KosherBaker's picture
KosherBaker

Well better safe than sorry I guess. :)

Rudy

Soundman's picture
Soundman

Kristin,

Sorry to say, I'm not surprised your poolish was spoiled: my experience is that you have to use your poolish within 8-16 hours of mixing, depending on room and ingredient temperatures and the ratio of yeast to flour, or it will provide too much acid for commercial yeast to be able to do their job in the dough. I know from experience. :-( The dough was soft and weak and eventually just started to break down!

Typically a poolish will ripen faster than a biga, a lower hydration preferment. But even with a biga you want to use it just when it is ripe. With a biga you can definitely retard it in the refrigerator, but even then there's a statute of limitations (after 3 days in the fridge, it's probably over).

You CAN extend the amount of time before your preferment ripens by using less, lots less, yeast. Maggie Glezer uses a preferment with some extremely small amount of yeast, like 1/300th Teaspoon. Even then, that preferment is supposed to be used within 24 hours.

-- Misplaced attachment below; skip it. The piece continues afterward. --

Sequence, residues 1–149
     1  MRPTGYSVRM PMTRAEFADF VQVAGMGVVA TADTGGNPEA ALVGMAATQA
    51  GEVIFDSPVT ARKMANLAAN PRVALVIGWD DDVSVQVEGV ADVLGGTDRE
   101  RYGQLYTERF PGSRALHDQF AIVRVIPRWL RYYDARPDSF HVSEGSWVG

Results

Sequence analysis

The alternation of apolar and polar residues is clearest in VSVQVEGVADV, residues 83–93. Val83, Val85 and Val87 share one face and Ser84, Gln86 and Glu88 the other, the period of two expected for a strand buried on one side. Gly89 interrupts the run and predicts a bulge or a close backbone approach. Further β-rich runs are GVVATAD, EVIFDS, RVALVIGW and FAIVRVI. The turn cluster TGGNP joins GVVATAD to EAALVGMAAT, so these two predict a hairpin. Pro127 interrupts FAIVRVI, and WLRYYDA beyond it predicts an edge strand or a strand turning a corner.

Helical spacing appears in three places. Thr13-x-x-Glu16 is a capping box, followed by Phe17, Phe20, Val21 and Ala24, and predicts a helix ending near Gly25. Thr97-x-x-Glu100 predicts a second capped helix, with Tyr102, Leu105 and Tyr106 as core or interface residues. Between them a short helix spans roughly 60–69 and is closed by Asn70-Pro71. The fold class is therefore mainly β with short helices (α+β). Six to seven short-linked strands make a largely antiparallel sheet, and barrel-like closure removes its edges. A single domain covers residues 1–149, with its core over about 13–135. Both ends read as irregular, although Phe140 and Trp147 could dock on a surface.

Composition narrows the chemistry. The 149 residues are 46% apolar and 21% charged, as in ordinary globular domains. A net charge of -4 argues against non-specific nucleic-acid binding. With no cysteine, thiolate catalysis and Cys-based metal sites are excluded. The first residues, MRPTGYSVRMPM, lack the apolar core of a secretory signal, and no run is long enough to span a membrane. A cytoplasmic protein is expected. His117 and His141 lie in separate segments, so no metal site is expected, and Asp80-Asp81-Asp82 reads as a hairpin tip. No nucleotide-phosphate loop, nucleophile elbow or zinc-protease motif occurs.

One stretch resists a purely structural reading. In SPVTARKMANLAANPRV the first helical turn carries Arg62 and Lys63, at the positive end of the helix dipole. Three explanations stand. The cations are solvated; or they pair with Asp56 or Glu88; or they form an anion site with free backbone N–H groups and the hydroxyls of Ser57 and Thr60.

(Good reading in J. Hamelman's Bread book on preferments, also in Reinhart's BBA.) Say, I found the very chapter in Bread I wanted online: here's an excerpt and a link to a larger excerpt from Hamelman:

"If there is evidence that the poolish has risen and then collapsed (you may see a "highwater" mark on the sides of the bowl), then the poolish is past its prime. ... The goal is to have the pre-ferment at its full ripeness when you are ready to use it, and therefore the correct yeast quantities will increase and decrease as the seasons come and go. The amount of yeast necessary for a poolish to ripen in 16 hours at 80°F might be .08 percent of the poolish flour weight, but the same poolish might need .25 percent yeast at 65°F. The other factor determining yeast quantity is the duration of the ripening phase, with longer ripenings needing less yeast."